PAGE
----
Our subsequent surveys were as close to the YouGov poll as makes no difference – and you will see that both our survey and the YouGov poll underestimated Hunt’s score by between six and eight points.

Next, to a question that neither we nor YouGov can measure against a real event – namely, who will be the next Conservative leader.

We asked in our last survey: who should be the next leader of the Conservative Party after Boris Johnson?

YouGov has asked in a poll for Sky News: if Boris Johnson stood down, who would you like to replace him?

Those seem roughly comparable questions.

We published on December 27, and our top two were Liz Truss on 23 per cent and Rishi Sunak on 20 per cent.

YouGov published yesterday evening, and its top two are Rishi Sunak on 33 per cent and Liz Truss on 25 per cent.

Part of the reason for the difference is likely to be the “others”.

YouGov tried putting Jeremy Hunt (eight per cent), Michael Gove (six per cent), Sajid Javid (five per cent), Priti Patel (four per cent) and Dominic Raab (four per cent) into the mix.

For each of those, we had Hunt on eight per cent, Javid on five per cent, Gove on four per cent, and Raab and Patel on two per cent each.

We also put in eight other potential candidates: of these, Penny Mordaunt got nine per cent and Steve Baker eight per cent – marginally higher ratings than the Cabinet Ministers that both we and YouGov listed.

At any rate, Sunak and Truss are clearly the front runners, as far as both YouGov and ConHome are concerned…in an election that may not take place in this Parliament.

Next, our last survey’s Cabinet League Table found Boris Johnson in negative ratings for the third time, for the second time in successive months, and on his lowest ever score (-34).

YouGov asks the party members it polled whether they believe that he is doing well or badly as Conservative leader. Sixty one per cent say well, 38 per cent badly.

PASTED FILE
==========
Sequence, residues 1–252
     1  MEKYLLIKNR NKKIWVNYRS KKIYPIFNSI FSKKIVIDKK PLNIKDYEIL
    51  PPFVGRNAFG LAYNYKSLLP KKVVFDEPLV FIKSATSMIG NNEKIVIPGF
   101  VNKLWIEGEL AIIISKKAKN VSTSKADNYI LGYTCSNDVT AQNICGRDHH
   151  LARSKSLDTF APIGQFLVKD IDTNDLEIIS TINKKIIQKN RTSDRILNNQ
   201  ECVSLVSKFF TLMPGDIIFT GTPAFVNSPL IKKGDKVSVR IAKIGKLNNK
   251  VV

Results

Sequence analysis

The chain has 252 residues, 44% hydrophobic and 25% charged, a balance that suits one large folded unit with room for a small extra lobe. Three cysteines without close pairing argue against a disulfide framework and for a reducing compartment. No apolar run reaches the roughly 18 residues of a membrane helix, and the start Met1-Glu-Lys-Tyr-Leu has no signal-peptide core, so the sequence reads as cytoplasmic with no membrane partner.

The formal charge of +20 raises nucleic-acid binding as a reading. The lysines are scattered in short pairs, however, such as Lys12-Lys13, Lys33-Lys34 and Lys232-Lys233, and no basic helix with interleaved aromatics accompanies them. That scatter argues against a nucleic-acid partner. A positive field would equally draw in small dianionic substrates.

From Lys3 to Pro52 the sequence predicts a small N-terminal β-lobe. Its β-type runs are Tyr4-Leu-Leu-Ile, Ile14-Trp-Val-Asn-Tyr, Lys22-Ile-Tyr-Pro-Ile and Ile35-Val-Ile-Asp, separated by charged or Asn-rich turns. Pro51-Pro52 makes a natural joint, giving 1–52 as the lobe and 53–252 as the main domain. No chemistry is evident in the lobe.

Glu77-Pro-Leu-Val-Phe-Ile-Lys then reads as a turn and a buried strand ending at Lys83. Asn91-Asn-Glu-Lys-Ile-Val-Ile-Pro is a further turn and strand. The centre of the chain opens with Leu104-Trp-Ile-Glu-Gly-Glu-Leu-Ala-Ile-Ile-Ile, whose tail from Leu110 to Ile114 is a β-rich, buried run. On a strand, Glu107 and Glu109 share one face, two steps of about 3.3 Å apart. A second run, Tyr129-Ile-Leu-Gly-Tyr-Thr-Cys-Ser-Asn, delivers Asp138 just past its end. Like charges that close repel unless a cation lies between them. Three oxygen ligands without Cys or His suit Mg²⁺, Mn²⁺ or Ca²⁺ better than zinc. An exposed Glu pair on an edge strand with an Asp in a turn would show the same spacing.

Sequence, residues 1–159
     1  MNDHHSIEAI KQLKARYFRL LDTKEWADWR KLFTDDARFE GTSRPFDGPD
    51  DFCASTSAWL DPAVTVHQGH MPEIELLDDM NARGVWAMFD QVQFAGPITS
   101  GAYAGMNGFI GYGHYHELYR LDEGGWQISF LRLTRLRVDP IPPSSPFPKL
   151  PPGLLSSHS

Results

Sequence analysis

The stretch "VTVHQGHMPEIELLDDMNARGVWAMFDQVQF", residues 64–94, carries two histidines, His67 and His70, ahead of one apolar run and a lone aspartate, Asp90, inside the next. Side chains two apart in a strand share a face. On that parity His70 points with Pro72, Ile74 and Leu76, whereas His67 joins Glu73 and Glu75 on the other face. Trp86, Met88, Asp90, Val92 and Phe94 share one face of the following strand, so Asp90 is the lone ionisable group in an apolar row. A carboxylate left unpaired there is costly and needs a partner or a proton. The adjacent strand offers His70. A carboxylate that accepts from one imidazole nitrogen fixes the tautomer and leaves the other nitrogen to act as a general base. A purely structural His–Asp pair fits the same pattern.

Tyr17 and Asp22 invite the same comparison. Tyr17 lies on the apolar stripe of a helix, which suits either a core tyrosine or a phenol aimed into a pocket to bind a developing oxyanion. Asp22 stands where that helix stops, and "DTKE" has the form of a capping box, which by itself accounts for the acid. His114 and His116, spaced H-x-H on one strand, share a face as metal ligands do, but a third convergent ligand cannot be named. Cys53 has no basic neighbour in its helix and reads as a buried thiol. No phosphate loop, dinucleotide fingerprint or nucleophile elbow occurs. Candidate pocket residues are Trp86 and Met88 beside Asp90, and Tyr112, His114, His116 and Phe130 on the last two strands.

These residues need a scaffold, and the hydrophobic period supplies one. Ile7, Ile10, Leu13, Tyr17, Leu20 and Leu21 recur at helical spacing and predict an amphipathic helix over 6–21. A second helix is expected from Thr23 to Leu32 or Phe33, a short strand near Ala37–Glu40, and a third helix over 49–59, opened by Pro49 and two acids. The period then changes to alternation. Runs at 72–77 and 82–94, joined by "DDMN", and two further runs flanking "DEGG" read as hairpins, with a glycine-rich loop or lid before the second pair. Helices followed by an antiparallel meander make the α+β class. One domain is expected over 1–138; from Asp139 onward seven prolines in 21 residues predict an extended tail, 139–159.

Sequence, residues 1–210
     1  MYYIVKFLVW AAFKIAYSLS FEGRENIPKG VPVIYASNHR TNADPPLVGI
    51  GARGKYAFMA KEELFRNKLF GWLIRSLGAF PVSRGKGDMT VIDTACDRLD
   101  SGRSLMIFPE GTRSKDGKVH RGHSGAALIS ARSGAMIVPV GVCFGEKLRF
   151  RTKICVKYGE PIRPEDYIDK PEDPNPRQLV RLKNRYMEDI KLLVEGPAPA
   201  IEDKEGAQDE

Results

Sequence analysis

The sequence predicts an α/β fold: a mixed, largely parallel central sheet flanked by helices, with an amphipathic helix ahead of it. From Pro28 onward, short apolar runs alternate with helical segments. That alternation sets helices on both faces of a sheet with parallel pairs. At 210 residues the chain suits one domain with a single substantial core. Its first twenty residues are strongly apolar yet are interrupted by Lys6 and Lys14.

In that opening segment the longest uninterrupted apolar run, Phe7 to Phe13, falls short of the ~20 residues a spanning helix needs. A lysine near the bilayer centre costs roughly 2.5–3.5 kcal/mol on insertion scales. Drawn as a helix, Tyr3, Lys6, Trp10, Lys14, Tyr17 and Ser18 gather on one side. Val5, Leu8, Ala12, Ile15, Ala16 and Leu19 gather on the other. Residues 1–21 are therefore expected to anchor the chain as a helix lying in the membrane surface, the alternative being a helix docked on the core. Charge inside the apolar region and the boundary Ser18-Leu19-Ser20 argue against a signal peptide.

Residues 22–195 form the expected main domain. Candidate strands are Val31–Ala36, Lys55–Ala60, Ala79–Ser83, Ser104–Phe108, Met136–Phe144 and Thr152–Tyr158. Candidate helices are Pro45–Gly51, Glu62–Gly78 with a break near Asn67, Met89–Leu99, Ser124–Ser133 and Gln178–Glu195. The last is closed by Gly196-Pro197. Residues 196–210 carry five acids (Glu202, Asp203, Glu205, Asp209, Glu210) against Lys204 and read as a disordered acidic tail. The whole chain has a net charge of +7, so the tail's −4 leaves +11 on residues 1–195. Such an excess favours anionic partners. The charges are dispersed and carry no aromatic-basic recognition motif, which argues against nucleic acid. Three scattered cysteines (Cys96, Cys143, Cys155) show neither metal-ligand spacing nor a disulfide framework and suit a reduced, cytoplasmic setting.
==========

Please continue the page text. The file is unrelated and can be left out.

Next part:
These findings point in different directions, and not even a shift in the Prime Minister’s favour, which our survey picked up in its later returns as it became clear that there would be no new restrictions post-Christmas, appears to explain the difference.

According to the YouGov poll in a question that we have not asked (at least yet), “Do you think Boris Johnson should stand down as Conservative leader?”, 59 per cent say he should remain, 34 per cent say he should stand down and seven per cent don’t know.

YouGov polled 1,005 Conservative members for Sky News between 30 December and 6 January.  Here is the full write-up.

Our last survey went out on December 23, we got just under 800 replies, and we wrote the first result up on December 27.

As far as I know, YouGov is the only pollster to poll Tory members, although it doesn’t so regularly.  There’s a history of our panel sometimes turning up results in the same ball park.

Job Opportunity: ConservativeHome is hiring an Assistant Editor

17 Dec

ConservativeHome is recruiting an Assistant Editor. This is a rare chance to join an editorial team producing expert news and analysis from the front line of British politics.

The ideal candidate will be keen to develop their knowledge, writing, editing skills and profile in Westminster and nationally. You don’t have to have worked as a journalist to apply – first and foremost, we’re seeking someone with a sharp mind, great knowledge of and interest in politics and the Conservative Party, and the ability to learn and adapt quickly.

The role is open to journalists, of course, but we would also invite applications from candidates currently in other fields who are looking to break into the industry – including but not limited to those with experience as Parliamentary researchers, advisers, speechwriters, campaigners, policy specialists and beyond. The ability to write well is key – if your previous work has been writing someone else’s articles or speeches, rather than under your own byline, that’s all welcome experience too.